People by nature are egotistical and everyone believes that they have something vital to say. As soon as the printing press became common, people were posting bills and handing out fliers sharing their ideas / opinions. I’m quite sure that there was some guy on a high hill shouting smoke signals. There was ham radio, CB’s, fanzines on photocopiers, CompuServe forums, email lists, blogs and now Twitter.
To further show my point, I looked at the town where I grew up.  A small town, not a very technologically sophisticated town of about 3,000 people.
People love to shout out their thoughts and love being voyeuristic and see what other people are doing. Micromessaging isn’t going away anytime soon.

My friend Chris makes an interesting argument that Twitter, while getting popular amongst niche circles, will never cross over into true mainstream like Facebook has.

I don’t buy the idea that Twitter will be like the invention of the phone, cell phone or computer, where this narrow set of first adopters paves the way and then a floodgate of regular people follow. That time has passed. It’s actually the masses that have (ironically for a social technology) revolted from Twitter because it’s been crammed down their throats in the media and on the Web, and regular people have balked at it. They are happy to say “I don’t get it, and I don’t want to get it.” Facebook happened more organically in dorm rooms because people saw a need for it. People immediately find their friends there, and that matters.

If Chris is talking specifically about the brand Twitter, I would say that it is too early to tell whether or not Twitter is the ‘it’ application that mass media portrays that it is.  Micromessaging, though, is here to stay.I look at Twitter like the Friendster of micromessaging. There is a chance that Twitter could devolve and become irrelevant like Friendster did, making way for MySpace which faltered making way for Facebook.But I don’t see micromessaging dying anytime soon. In fact, I only see it getting more and more prominent.People by nature are egotistical and everyone believes that they have something vital to say (bloggers especially). As soon as the printing press became common, people were posting bills and handing out fliers sharing their ideas & opinions. I’m quite sure that there was some guy on a high hill smoke signaling his ideas. There was ham radio, CB’s, fanzines on photocopiers, CompuServe forums, email lists, blogs and now Twitter.To further show my point, I looked at the town where I grew up.  A small, not very technologically sophisticated town of about 3,000 people. A simple Twitter Search of the town name reveals that people there are using Twitter.  These are real people, not some new-media elites grabbing on to this medium. They have a small community and Twitter offers the easiest way to reach them with their ideas and opinions.People love to shout out their thoughts and people love being voyeuristic. Yelling and watching aren’t going away anytime soon.  Neither is micromessaging.What do you think? Is Twitter a flash in the proverbial pan? Leave me a comment and let me know your thoughts.Photo by Fuffer – who has great cartoons.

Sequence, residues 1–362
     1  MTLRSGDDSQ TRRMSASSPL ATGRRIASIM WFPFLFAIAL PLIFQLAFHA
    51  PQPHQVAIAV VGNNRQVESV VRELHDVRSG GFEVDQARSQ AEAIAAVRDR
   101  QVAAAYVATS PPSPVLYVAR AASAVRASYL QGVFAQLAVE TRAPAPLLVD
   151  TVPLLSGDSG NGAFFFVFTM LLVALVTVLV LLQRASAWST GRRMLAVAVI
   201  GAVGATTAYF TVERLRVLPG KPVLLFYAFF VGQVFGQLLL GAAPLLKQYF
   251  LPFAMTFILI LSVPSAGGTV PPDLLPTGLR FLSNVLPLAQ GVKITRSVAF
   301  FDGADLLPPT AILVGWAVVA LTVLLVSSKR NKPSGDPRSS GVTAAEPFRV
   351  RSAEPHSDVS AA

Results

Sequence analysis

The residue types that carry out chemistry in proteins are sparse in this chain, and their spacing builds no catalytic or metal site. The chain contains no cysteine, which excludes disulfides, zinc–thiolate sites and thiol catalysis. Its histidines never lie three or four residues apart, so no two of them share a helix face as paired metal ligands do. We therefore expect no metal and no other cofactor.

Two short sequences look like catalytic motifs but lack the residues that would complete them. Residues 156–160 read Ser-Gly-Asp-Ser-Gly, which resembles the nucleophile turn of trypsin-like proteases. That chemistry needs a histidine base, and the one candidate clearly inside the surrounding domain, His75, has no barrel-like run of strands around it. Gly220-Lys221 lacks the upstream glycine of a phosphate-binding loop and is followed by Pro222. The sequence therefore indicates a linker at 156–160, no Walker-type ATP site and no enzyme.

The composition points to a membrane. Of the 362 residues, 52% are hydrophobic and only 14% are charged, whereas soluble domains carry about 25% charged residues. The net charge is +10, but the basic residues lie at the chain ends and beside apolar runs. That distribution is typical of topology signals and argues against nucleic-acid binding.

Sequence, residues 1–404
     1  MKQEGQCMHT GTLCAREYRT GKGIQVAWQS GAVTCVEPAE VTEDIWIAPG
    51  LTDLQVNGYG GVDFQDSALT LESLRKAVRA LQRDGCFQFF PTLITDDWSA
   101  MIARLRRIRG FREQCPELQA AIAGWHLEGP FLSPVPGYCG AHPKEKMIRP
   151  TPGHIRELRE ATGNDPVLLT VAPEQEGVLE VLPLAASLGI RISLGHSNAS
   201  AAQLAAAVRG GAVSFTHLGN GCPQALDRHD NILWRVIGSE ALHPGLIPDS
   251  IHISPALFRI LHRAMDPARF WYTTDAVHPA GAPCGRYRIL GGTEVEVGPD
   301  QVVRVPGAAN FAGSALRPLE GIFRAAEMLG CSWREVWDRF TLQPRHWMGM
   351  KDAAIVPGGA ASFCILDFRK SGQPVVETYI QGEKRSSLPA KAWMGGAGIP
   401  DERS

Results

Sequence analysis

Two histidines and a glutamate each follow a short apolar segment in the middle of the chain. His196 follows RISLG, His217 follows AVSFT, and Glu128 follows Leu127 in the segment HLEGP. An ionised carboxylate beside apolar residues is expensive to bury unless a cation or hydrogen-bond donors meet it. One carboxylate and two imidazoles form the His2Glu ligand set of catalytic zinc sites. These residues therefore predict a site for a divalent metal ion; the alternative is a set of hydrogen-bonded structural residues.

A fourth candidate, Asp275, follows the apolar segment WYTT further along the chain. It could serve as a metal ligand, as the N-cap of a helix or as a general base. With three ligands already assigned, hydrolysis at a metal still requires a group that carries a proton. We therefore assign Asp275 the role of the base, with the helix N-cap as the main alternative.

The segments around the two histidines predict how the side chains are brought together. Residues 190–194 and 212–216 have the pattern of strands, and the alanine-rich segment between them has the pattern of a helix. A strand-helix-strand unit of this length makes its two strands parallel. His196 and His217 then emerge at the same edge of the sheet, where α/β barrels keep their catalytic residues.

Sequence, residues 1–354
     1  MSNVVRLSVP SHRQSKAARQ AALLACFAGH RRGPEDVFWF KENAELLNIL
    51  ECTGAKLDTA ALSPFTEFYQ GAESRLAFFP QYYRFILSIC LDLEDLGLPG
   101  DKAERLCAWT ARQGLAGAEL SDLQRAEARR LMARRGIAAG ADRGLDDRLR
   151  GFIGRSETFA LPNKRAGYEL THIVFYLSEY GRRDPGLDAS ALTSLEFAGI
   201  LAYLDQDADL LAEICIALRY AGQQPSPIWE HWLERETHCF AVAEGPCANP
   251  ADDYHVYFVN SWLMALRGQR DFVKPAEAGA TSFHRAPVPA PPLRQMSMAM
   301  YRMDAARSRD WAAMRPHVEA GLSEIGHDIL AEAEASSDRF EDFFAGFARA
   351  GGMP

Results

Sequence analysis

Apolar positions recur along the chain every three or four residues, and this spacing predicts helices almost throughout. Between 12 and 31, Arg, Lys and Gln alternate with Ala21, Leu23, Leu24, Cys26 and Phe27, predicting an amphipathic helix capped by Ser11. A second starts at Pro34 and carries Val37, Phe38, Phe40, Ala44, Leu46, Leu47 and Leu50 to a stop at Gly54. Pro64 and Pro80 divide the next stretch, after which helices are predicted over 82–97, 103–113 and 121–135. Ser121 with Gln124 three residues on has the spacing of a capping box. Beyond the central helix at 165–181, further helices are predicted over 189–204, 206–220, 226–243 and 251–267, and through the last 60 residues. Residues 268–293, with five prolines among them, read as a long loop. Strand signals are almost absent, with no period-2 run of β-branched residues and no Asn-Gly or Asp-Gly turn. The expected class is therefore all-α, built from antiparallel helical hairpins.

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10 iPhone Apps For Sales People That Travel

I just got back from a 9 day, many state road trip for work and it started to dawn on me on this trip that, of the apps on my iPhone, there are a good set of them that I just can’t live without. I’m sure that this isn’t a complete list and I’d love to hear your thoughts, but here is a list of 10 iPhone apps that I rely on pretty heavily.10.) Bank of America – I’m a cheap bastard.  There is nothing I hate more than pulling out $100 from some ATM machine to know that I’m incurring a 5% penalty because of all of the fees that they stick me with.  This app is nothing more than a simple way to show me where the closest BofA ATM is, but